• Paul Delacroix
                Cedar would be great, because it doesn t rot easily and has a nice color. Firewood would probably be too flimsy for cordwood masonry, though I m thinking about
                Message 7 of 7 , Jan 2, 2008
                • 0 Attachment
                  Cedar would be great, because it doesn't rot easily and
                  has a nice color.
                   
                  Firewood would probably be too flimsy for cordwood masonry,
                  though I'm thinking about trying it on something non-structural.

                  reddogdamnit2 <davidj@...> wrote:
                  That's how the footing of my barn is done. Using cedar.

                  --- In middlefaire@ yahoogroups. com, Paul Delacroix <middlefaire@ ...>
                  wrote:
                  >
                  > Another technique that looks marvelously period is
                  > "cordwood masonry". I'm not sure exactly how it is
                  > done properly, but it has a great "country cottage"
                  > look to it.
                  >
                  > -paul
                  >
                  > reddogdamnit2 <davidj@...> wrote:
                  > If you are in the Austin area, Sunset Canyon Pottery, on
                  Hwy 290W, is
                  > a straw bale buliding. And one of my neighbors built his home
                  > strawbale.
                  >
                  > --- In middlefaire@ yahoogroups. com, Paul Delacroix <middlefaire@ >
                  > wrote:
                  > >
                  > > I think strawbale is a terrific-looking option, although it's
                  > > not "easy" to produce. You have to have full framing of one
                  > > sort or another, plus a concrete beam surrounding the walls
                  > > where the strawbales will be stacked. The bales have to be
                  > > wheat straw, not hay. Then you have to lime putty or stucco
                  > > in the bale walls and seal them against the weather. In my
                  > > opinion, Texas is not the sort of climate that needs or lends
                  > > itself to strawbale and other natural building techniques-- I think
                  > > they are best built in a cold, dry climate.
                  > >
                  > > Essentially the same visual effect with less work, IMHO, could
                  > > be had with an extra-thick stucco wall that's double-sided
                  > > around an airspace.
                  > >
                  > > But strawbale buildings do look great. :)
                  > >
                  > > -paul
                  > >
                  > > Sandie bbw <thepurplegypsy@ > wrote:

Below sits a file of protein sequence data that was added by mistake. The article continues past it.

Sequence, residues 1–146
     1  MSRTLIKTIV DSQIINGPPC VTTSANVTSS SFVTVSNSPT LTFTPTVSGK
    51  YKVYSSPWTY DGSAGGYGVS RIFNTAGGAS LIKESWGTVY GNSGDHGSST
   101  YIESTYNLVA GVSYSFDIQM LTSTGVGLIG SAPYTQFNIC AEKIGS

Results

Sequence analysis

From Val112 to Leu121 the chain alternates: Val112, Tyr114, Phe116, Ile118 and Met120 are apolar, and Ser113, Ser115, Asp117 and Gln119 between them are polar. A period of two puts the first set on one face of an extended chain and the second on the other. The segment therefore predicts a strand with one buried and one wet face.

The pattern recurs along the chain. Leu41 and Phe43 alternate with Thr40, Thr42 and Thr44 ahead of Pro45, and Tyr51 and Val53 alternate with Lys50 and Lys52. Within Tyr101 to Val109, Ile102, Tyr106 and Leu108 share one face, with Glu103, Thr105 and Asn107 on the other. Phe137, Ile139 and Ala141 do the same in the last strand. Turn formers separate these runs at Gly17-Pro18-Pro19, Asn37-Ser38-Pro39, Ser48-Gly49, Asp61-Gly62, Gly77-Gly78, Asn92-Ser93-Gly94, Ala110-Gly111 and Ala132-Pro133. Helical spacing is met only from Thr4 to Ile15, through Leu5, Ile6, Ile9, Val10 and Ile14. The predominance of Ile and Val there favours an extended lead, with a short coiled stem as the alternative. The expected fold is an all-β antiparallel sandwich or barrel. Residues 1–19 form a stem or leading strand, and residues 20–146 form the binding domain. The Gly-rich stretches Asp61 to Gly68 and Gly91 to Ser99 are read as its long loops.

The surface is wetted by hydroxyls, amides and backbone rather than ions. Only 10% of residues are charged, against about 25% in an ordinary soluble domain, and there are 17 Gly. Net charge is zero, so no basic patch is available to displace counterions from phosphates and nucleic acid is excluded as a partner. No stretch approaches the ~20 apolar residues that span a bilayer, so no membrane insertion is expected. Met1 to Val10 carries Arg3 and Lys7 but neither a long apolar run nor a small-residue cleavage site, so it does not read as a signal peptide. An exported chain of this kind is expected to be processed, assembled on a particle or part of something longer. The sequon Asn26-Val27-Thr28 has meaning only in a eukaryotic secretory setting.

> > Nancy I never heard of this kind of building but it
                  > sounds really
                  > > interesting. I'm going to search for more info. Thanks. :)
                  > >
                  > > Sandie
                  > >
                  > > --- In middlefaire@ yahoogroups. com, " Nancy " <solacel@> wrote:
                  > > >
                  > > > Is anyone in Middlefaire doing a straw-bale building? They can
                  be
                  > done
                  > > > economically and with the right cross-bracing, etc., are
                  > completely
                  > > period
                  > > > in appearance. I'm too far away to take part (phooey), but
                  would
                  > love
                  > > to
                  > > > know if anyone is planning one of these, and to follow their
                  > process
                  > > as it
                  > > > takes place.
                  > > >
                  > > >
                  > > >
                  > > > Namaste,
                  > > >
                  > > >
                  > > >
                  > > > Nancy
                  > > >
                  > >
                  > >
                  > >
                  > >
                  > >
                  > >
                  > > Paul Delacroix
                  > > mka K.G. Tuma
                  > > CEO-President
                  > > the Middlefaire Company, Inc.
                  > >
                  > > website:
                  > > www.middlefaire. net
                  > >
                  > > ------------ --------- --------- ---
                  > > Be a better friend, newshound, and know-it-all with Yahoo!
                  Mobile.
                  > Try it now.
                  > >
                  >
                  >
                  >
                  >
                  >
                  >
                  > ------------ --------- --------- ---
                  > Looking for last minute shopping deals? Find them fast with Yahoo!
                  Search.
                  >